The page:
The Beauty Of Solar Heating Systems

Solar heating systems are designed to absorb as much of the suns’ energy as possible and store it in cells so that it can be used later to heat water or power electrical systems. The arrival of solar heating systems in South Africa was greeted by sceptics at first, because this was not the first time that South African consumers had come across solar heating systems.  
Previously when the solar systems appeared on the market they were nowhere as efficient as the modern solar systems because they did not offer the same level of power storage as the current systems. The cost of the older solar heating systems was also very prohibitive.
The solar heating systems that are available today are far more advanced both in its design and it method of delivery. They need maybe 45 minutes of sunlight to gather enough power to provide hot water for the entire house. This saving is already very big as the old style geyser is probably one of the biggest users of power in the average home.
The problem that many south Africans have had with solar heating systems is that they do not trust that they will work as well as what was promised, so on days where the sky is a bit cloudy, the south African home maker will worry that the solar heating system will not work, so the he/she will switch the geyser on as well.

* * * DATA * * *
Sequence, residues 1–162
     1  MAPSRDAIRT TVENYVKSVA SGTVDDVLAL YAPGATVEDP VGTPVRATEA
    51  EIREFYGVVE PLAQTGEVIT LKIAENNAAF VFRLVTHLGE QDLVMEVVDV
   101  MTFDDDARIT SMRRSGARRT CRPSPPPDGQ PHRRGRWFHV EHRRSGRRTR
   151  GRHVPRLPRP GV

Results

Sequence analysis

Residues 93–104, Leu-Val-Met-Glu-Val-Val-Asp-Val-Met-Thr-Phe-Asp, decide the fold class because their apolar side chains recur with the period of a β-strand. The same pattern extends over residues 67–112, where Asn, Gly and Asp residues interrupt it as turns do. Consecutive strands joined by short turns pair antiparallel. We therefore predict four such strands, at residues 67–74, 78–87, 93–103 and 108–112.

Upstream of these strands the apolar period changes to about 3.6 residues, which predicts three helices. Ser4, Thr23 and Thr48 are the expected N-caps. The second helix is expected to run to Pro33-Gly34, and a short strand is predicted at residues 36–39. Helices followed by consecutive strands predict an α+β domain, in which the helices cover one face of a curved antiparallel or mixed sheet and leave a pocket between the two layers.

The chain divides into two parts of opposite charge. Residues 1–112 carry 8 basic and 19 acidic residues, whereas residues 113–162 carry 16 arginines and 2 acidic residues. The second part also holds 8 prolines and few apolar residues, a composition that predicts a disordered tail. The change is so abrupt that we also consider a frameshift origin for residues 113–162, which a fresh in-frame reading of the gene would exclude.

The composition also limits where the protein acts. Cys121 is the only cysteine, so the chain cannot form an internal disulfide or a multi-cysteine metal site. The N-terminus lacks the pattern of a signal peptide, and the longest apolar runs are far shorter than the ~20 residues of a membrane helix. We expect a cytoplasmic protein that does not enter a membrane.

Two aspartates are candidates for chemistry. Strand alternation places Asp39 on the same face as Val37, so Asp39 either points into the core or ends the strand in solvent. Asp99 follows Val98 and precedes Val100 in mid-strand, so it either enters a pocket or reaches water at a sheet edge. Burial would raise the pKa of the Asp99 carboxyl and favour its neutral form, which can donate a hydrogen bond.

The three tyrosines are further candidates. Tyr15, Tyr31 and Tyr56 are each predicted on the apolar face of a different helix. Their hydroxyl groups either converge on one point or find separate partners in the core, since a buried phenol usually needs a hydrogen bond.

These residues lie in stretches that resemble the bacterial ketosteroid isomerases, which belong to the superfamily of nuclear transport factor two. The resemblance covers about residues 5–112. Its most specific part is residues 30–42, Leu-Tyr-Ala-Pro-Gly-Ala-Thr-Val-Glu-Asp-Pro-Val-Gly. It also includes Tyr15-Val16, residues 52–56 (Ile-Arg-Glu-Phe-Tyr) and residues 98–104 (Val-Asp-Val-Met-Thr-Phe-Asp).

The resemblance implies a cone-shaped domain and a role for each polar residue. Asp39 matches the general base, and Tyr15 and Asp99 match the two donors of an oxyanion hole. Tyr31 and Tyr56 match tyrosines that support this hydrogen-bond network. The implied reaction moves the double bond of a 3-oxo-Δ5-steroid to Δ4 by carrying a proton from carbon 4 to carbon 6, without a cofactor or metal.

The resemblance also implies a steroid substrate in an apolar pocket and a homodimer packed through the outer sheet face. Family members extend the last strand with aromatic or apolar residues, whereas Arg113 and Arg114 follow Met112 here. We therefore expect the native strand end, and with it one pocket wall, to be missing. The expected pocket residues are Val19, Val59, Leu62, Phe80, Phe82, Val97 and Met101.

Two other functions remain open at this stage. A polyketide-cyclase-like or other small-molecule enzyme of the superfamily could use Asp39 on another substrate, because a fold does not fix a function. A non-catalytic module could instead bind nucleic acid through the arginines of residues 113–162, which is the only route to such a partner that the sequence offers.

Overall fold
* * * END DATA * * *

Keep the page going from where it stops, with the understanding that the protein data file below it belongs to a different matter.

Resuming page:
The kind of unnecessary expense, typifies the south African consumers approach to greener energy, because the person who fitted their solar heating system would have explained that all the system requires is an hour of daylight, and that is does not have to be brilliant sunshine, so there really is no need to use all that extra power that goes into firing up the geyser.
This naïve approach will soon fade because as more and more people have solar heating systems fitted to their homes, so South African consumers will get used to the idea, and they will realise that the South African sun is there for much more than just getting a tan.

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